With her fusion of sculpture and photography, Hewitt pays close attention to geometry and texture in her compositions.
Kyle Knodell“My work is about keeping a certain pace, and it’s moving at a different temporality than what one might expect given the momentum of technology,” she explains.
“My work is about keeping a certain pace, and it’s moving at a different temporality than what one might expect given the momentum of technology,” she explains.

If you have windows, what do they look out on?

A tree on Strivers’ Row. One of the reasons I love this studio, and this region of Harlem, is that it’s so quiet. In the summer, this tree grows really big, providing some privacy, but I can still see people. It was touching the window and I was getting all these ants, so I had to call the city to come and prune it.

What do you bulk buy with most frequency?

Oat milk.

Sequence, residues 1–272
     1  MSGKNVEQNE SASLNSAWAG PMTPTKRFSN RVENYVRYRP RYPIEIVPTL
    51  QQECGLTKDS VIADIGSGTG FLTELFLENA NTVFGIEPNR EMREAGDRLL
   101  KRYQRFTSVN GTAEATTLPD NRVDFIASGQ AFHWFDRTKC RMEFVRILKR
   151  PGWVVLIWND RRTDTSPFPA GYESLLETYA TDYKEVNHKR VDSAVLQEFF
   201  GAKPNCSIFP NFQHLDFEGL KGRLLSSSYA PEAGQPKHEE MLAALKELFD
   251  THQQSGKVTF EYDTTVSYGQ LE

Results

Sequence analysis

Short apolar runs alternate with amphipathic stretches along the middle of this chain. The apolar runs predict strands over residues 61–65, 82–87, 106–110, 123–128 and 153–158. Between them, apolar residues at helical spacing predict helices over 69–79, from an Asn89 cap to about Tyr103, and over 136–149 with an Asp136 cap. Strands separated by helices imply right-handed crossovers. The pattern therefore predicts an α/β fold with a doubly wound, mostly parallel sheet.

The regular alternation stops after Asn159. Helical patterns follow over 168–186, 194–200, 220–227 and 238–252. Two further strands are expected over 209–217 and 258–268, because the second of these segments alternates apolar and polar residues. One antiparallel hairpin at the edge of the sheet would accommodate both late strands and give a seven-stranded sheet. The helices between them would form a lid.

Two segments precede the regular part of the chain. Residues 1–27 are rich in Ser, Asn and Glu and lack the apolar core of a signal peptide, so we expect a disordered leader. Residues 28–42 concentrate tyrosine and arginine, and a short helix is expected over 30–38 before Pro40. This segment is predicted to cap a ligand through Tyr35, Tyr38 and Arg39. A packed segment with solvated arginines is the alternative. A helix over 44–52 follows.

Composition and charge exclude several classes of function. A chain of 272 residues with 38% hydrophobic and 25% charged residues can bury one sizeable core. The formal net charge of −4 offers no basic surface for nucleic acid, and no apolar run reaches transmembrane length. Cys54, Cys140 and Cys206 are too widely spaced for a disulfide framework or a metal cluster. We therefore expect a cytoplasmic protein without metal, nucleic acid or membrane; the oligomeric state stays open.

What’s your worst habit?

I repeat myself.

What embarrasses you?

It’s strange to take this on, but when other people embarrass themselves, that embarrasses me too. And that’s embarrassing.

What are you reading?

The haptic, embodiment and how we process memory are becoming more and more important to me. I like reading two different forms of asking the same thing, so right now it’s “Touch” by Adania Shibli and “Parables for the Virtual: Movement, Affect, Sensation” by Brian Massumi.

What’s your favourite artwork by someone else?

Joan Miró’s “Photo: This Is the Colour of My Dreams” is the most beautiful. Also, Sherrie Levine’s “After Walker Evans,” “Untitled (A Portrait) 1991” by Felix Gonzalez-Torres and “Phat Free” by David Hammons. Finally, I guess you could call it an artwork, but it’s truly a study of the mind: “Playing in the Dark by Toni Morrison.